In making a determination of the action by P.R.R.B. and the Secretary, it must be recognized that an administrative agency's interpretation of its own regulation is accorded considerable deference on judicial review unless it is inconsistent with the terms of the regulation, especially in areas like Medicare reimbursements. See, e.g., Loma Linda University v. Schweiker, 705 F.2d 1123, 1126 (9th Cir.1983); Abbott-Northwestern Hospital, Inc. v. Schweiker, 698 F.2d 336, 340 (8th Cir.1983); Chesire Hospital v. N.H.-V.T. Hospitalization Service, 689 F.2d 1112, 1117 (1st Cir.1982).
There is no question that the rate of interest reimbursement sought is reasonable, if it is allowable at all. See 42 C.F.R. Sec. 405.419(c). Nor does the Secretary challenge the basis of the claim that the funds advanced were utilized to satisfy a financial need of the provider and for a purpose related to patient care. See 42 C.F.R. Sec. 405.419(a) and (b). The Secretary urges that portions of (b) and (c) of the regulation, which preclude reimbursement between related entities, however, are necessary to effectuate the purposes of the Medicare statute and to limit potential collusion and unfair dealing between the provider and a related lender.
We are directed in this appeal to the qualifications established by subsection (c)(1), which provide that the general rule of reimbursement of the reasonable cost of services is not applicable where loans are executed between related entities. The University and Cincinnati General are certainly related entities. On appeal, the Secretary asserts that the general rule admits of no relevant qualification or exception. The validity of Reg. 405.419 has been considered in Jackson Park Hospital Foundation v. United States, 228 Ct.Cl. 448, 659 F.2d 132, which held that subsection (c) bars all interest, "not so much because of the nature of the transaction for which the loan is obtained but because of the source of the loan .... The Secretary considers it more likely that, when a loan is made between unrelated parties bargaining at arms length, the interest rate will prove reasonable and the loan itself necessary." Id. at 138. Thus, the court concluded that "the across-the-board scope of Sec. 405.419(c) is reasonable," and that the Secretary was not required to "examine the bona fides and reasonableness of the loan," because this was "precisely the kind of investigation the regulation is designed to avoid." Id. at 138, 139. This court considered the same regulation in Shaker Medical Center Hosp. v. Secretary of Health and Human Services, 686 F.2d 1203 (6th Cir.1982), and rejected the argument that it was arbitrary and capricious to condemn all related loans, and likewise rejected the claim that "the Secretary should be required to scrutinize the costs line-by-line and item-by-item in every transaction between related entities." Id. at 1209. The basis for this court's Shaker ruling was stated:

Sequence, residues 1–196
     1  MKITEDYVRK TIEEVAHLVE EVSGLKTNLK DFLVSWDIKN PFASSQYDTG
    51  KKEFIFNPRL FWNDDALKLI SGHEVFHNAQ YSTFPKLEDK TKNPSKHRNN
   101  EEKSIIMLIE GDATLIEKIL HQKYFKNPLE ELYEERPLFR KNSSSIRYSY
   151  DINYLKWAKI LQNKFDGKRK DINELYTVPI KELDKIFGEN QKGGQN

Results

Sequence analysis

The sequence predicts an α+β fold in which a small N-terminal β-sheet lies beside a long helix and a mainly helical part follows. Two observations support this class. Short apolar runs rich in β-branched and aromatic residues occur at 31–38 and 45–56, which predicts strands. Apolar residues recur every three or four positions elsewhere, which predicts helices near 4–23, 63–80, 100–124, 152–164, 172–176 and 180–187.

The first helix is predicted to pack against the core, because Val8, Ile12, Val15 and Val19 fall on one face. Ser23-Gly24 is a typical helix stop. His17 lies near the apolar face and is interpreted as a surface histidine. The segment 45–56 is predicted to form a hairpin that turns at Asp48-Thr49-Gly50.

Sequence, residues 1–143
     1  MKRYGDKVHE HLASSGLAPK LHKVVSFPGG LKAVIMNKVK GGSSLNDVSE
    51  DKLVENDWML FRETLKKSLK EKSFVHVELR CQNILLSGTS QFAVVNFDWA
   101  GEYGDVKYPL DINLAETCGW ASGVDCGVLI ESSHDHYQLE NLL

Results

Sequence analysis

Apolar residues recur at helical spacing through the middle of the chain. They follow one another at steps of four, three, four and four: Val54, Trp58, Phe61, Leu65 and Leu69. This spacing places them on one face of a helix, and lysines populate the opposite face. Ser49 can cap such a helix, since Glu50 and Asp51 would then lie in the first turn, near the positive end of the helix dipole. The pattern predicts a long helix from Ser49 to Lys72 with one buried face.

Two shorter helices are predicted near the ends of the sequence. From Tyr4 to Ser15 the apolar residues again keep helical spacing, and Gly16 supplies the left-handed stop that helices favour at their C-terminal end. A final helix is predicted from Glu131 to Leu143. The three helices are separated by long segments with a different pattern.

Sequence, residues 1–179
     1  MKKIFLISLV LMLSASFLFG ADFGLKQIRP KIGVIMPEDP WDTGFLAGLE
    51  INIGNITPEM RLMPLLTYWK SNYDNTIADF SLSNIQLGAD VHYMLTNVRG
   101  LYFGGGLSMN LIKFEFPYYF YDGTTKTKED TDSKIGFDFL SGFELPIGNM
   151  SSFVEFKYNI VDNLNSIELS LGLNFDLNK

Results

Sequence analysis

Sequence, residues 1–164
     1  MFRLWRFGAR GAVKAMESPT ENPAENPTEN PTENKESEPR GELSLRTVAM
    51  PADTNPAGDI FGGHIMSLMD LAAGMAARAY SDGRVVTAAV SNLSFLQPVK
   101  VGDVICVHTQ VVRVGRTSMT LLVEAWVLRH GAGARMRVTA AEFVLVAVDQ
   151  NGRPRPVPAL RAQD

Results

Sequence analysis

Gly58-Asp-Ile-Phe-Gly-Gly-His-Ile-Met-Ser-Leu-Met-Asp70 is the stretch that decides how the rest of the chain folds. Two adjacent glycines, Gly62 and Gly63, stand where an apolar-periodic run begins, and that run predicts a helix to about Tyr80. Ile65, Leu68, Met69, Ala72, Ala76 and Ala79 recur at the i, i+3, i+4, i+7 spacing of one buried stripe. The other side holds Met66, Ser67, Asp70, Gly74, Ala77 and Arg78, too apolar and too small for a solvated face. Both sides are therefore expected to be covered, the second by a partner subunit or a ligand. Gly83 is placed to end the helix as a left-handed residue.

[I]t is within the power of an agency to promulgate prophylactic regulations which are broad in scope in order to effectuate the purposes of the enabling legislation. Mourning v. Family Publications Service, 411 U.S. 356, 372-73, 93 S.Ct. 1652, 1662, 36 L.Ed.2d 318 (1973). The regulations at issue in this appeal reasonably support the legitimate goals of avoiding payment of collusive or improperly increased costs with a minimum of administrative burden. While the prophylactic regulations might prove "in particular cases to be 'underinclusive' or 'overinclusive,' in light of [their] presumed purpose, nonetheless [they are] ... widely accepted response[s] to legitimate interests in administrative economy and certainty of coverage for those who meet [their] terms." Weinberger v. Salfi, 422 U.S. 749, 776, 95 S.Ct. 2457, 2472, 45 L.Ed.2d 522 (1975) (discussing a prophylactic statutory rule). Our inquiry in reviewing the regulations and their applications is whether the agency in following its statutory directives "could rationally have concluded both that the particular limitation or qualifications would protect against its occurrence, and that the expense and other difficulties of individual determinations justified the inherent imprecision of a prophylactic rule." Id. at 777, 95 S.Ct. at 2472. We conclude that the regulations satisfy this standard.
There is little doubt that a line-by-line, item-by-item examination of the costs in every transaction between related parties could prove to be expensive and time consuming, thereby reducing the amount of funds available for the payment of services. Further, the danger of collusive or improperly increased costs in transactions involving related entities is particularly great. Under proper standards of review, these regulations must be upheld as valid. See, e.g., Jackson Park Hospital, supra, 659 F.2d at 136-37; Goleta Valley Community Hospital v. Schweiker, supra, 647 F.2d at 897 (9th Cir.1981).
Id. at 1209-10 (emphasis added).
In Shaker, this court did go further and placed the burden on the provider to prove the "bona fides" of the transaction and to prove whether there were "special circumstances" justifying an exception to the rule against allowance of costs arising out of related entity transactions, citing Indiana University v. United States, 223 Ct.Cl. 88, 618 F.2d 736 (1980), and other cases which dealt with rent or interest reimbursement claims in respect to related entities. It concluded that "[t]he burden is on the provider to 'keep its house in order' and justify its expenses to the Secretary." Shaker, 686 F.2d at 1210. This court noted, furthermore, that "Indiana University involved very special circumstances, and after that case was decided the Court of Claims upheld the validity of Sec. 405.419. Jackson Park Hospital Foundation v. United States [228 Ct.Cl. 448], 659 F.2d 132, 137 (Ct.Cl.1981)." Id. at 1209.
Indiana University is similar in many respects to this controversy. In that case the relationship of the University to the State was observed as "unique":
They are state teaching hospitals [Indiana University Hospitals], but receive no money from the State for their operations. Although the State of Indiana provides funds for the University, State law prohibits the use of any of these funds for the hospital. Since the hospitals are not a separate legal entity, they cannot borrow money from outside the University.